Wednesday, 22 April 2009

Preventing repossession

The announcement yesterday (21 April) that the UK Government's Mortgage Support Scheme is now in force with most lenders co-operating, and sub-primes coming on board, is the best news we've heard in a long time during this dark economic period.

The ability to defer up to 70% of a mortgage for two years will provide a vital respite which could save thousands of Scottish homes from being repossessed during the recession. Sadly, most Scots won't be able to enjoy this new scheme as repossession cases do not call in court and, unless you are proactive and instruct a solicitor, decree will pass against you automatically.

You will face homelessness long before you can sort out all of the paperwork. Community law centres and others have been warning the Scottish Government of the weaknesses in our system for the past 15 months, yet, incredibly, protection for homeowners has become weaker, not stronger.

For example, last month the Scottish Government restricted its Homeowner Support Scheme to homeowners in the cheapest of dwellings. Also excluded are those entitled to benefits for housing costs.

With all of these restrictions, I would be surprised if 15% of Scottish homeowners were eligible for any help under the Scottish Government's scheme. Yet the new UK Government scheme will cover 80% of UK homeowners.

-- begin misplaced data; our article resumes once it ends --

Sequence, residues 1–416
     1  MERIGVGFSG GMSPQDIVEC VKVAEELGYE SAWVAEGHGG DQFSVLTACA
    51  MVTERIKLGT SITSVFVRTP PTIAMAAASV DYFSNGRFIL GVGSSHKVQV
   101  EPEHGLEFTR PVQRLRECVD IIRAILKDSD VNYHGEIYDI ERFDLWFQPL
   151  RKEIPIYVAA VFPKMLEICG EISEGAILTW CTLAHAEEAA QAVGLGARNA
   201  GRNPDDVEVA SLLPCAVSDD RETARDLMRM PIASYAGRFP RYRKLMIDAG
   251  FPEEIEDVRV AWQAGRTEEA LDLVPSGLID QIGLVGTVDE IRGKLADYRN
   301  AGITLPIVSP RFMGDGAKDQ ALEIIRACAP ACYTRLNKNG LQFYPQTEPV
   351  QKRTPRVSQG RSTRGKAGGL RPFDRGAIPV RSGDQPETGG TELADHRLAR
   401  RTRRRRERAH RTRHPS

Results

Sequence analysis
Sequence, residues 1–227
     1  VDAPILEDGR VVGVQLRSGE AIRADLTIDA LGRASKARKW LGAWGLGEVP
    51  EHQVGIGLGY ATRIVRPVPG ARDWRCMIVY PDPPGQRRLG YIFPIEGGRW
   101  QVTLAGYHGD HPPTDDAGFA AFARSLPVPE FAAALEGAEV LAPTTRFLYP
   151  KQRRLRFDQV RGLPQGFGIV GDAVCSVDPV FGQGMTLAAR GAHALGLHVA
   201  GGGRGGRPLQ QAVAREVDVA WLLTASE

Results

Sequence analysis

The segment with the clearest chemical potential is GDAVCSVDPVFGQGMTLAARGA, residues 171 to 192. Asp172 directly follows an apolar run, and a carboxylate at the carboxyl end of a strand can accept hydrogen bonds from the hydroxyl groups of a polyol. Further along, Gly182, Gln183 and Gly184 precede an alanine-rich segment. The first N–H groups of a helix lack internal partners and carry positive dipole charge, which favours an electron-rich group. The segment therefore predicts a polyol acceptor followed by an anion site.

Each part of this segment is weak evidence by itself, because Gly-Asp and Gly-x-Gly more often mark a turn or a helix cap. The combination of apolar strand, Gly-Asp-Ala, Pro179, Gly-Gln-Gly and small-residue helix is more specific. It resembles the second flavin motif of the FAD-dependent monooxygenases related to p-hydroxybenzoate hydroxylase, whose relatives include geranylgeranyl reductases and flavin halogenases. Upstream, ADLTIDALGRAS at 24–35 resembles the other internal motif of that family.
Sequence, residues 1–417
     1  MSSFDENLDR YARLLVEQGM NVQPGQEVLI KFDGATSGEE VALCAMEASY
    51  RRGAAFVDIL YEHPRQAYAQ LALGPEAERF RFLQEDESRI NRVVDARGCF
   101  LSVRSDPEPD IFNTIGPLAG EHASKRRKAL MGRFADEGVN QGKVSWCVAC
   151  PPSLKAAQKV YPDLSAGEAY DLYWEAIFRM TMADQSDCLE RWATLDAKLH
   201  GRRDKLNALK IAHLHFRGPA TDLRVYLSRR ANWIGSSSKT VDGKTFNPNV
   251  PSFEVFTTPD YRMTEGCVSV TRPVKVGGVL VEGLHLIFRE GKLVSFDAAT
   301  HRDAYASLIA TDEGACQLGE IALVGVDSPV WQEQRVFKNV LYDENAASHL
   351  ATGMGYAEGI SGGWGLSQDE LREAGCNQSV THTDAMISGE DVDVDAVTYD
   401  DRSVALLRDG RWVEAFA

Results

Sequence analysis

However, help is hypothetical as legal representation is required to secure sufficient time to put solutions in place. Households in England and Wales are entitled to free court representation, so they can access the new UK scheme and other solutions. They also have more time to negotiate with their pre-action court protocol.

In Scotland, there is no free representation and even people on breadline benefits are expected to fund their own legal aid bills. There is no pre-action protocol either. The result is that Scottish homes are being needlessly repossessed. The Scottish Government has provided homeowners with a couple of fig leaves for protection against repossession. This has to change. When will we get the same protection that homeowners south of the border enjoy?

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